Interdisciplinary courses will reshape core classes Reply

Allison Nekola – 1851 Staff


Lasell administration is offering interdisciplinary seminars to sophomore students as an opportunity to alter the traditional core courses in the spring 2014 semester.

The idea emerged four years ago during a conversation over lunch between Pro- fessors Michael Daley and Lori Rosenthal. Daley, a professor of environmental studies, discussed his solution for excess energy waste and asked Rosenthal, a professor of social sciences, about an efficient way to coax people to use his proposed solution. The two went on to talk of teaching a course together someday. Two years later, their plan became a reality when they were granted to teach a pilot interdisciplinary seminar.

The first interdisciplinary seminar, Persuading People Preserving the Planet, was held during the Fall 2012 semester, intertwining social and environmental science.

Traditional classes are filled with about 25 students; but with two professors, the class size doubles. Typically, students are separated into two groups for one main group project. Last year, half of the students learned behavior changes with Rosenthal and half learned scientific technology changes with Daley. As the semester progressed they grouped into smaller sec- tions of three to four students, to work on their own ideas for a separate project.

The same course will be provided this semester as a second pilot, but the goals of the class will be different. The main objective of last year’s course was to reduce the carbon footprint of commuters at Lasell. This year, the goal is to reduce waste from campus printing.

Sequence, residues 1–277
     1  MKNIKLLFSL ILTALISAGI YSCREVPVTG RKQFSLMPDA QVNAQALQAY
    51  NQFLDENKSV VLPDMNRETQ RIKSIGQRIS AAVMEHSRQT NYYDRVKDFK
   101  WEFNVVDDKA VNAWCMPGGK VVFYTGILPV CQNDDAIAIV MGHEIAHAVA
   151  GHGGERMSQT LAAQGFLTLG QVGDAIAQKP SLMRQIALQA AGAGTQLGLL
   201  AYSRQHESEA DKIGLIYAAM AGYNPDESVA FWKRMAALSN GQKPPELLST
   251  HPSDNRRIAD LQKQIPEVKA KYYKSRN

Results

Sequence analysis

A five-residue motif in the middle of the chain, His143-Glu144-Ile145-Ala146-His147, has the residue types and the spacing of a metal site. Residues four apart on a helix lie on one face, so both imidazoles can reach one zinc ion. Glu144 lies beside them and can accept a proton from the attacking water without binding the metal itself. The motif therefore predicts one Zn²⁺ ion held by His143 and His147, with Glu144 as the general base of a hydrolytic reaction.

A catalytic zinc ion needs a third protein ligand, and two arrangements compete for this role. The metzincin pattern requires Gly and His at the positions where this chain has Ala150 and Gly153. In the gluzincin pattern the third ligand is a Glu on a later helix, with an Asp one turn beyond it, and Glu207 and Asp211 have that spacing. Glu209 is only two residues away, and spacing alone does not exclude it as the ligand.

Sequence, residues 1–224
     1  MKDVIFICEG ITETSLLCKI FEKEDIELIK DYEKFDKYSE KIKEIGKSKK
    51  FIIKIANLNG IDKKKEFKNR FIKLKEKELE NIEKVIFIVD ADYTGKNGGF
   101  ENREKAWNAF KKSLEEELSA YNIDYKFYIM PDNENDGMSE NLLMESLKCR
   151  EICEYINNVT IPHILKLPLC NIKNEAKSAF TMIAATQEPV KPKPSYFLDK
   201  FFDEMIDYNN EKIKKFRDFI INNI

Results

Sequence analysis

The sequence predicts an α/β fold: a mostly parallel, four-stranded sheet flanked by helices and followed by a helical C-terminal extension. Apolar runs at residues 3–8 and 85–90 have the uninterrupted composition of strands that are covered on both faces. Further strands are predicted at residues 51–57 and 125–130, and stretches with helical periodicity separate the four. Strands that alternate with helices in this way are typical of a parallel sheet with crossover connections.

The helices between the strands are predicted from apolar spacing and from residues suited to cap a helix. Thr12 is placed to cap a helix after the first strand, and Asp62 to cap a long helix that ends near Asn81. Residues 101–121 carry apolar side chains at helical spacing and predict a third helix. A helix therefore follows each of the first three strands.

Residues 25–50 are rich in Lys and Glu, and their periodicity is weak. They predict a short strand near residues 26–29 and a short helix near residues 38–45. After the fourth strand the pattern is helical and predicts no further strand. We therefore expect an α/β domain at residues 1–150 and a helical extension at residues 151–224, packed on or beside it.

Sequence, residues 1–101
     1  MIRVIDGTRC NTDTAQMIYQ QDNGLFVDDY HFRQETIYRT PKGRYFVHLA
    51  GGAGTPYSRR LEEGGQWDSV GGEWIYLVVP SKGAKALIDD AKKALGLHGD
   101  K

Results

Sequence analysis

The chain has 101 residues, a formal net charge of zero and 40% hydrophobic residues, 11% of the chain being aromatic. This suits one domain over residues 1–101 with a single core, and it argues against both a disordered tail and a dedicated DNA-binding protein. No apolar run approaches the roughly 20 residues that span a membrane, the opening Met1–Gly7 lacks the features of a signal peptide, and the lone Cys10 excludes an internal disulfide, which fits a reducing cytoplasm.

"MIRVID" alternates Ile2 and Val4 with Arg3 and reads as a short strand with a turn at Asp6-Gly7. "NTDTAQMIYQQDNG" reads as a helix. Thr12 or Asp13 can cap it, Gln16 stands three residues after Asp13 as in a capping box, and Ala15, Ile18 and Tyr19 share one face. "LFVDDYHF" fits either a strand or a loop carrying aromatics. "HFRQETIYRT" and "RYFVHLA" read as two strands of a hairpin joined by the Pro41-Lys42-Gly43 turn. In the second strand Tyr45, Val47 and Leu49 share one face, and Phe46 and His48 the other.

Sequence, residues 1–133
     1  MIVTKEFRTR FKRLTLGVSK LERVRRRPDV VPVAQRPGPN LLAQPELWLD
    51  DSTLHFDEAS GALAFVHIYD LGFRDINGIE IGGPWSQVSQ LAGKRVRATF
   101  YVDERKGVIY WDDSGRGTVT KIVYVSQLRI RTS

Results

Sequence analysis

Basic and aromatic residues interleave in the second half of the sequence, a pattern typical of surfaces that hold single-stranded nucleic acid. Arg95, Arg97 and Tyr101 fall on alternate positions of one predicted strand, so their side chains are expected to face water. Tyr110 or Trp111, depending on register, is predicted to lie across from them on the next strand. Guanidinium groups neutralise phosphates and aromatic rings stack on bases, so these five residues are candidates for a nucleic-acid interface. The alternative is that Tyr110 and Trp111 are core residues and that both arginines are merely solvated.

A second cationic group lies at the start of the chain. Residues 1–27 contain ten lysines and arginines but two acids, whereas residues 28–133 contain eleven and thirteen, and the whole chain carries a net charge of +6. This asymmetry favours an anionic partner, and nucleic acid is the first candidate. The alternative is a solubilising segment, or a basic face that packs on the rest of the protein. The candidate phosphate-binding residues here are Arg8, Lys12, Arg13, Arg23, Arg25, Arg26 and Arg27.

Although the class has a main goal, the students work on smaller projects throughout the course. “I brought in a Dunkin’ Donuts bag…showed the ‘Please Recycle This Bag’ sign on the bottom,” said Daley. “Then Professor Rosenthal and I discussed the phrases used by social scientists that could better influence people to recycle. We had students redesign the bags in the groups and took a vote on which would persuade more people to do what was written. The students will design a survey to see whether the bag they selected really affected people’s desire to recycle more.”

Lasell’s “revision of the core” has promoted the new innovation in course teaching. General education has previously been a “check-off ” system, according to Joanna Wiess of the Boston Globe, that students pay little mind to. These seminars look to change that.

Jim Ostrow, Vice President for Academic Affairs, was recently quoted in Weiss’ Boston Globe article saying, “Education isn’t framed and designed in a way students crave it.”

When asked for an explanation, Ostrow said, “When I say that I mean it literally… Typically today when you go to class, are you craving that environment as much as you crave going to see a boyfriend or going to a party? Probably not but you should.”

According to Ostrow, “When students are learning by doing the actual work that people in those fields do, they will immediately experience and feel what it’s like to learn these disciplines by seeing how they apply to real social problems and to real creative challenges. They’ll be relevant; the things they’re learning will matter to them, so ideally they’ll crave more of it, hopefully it will have relevance and matter to students even after the course is over.”

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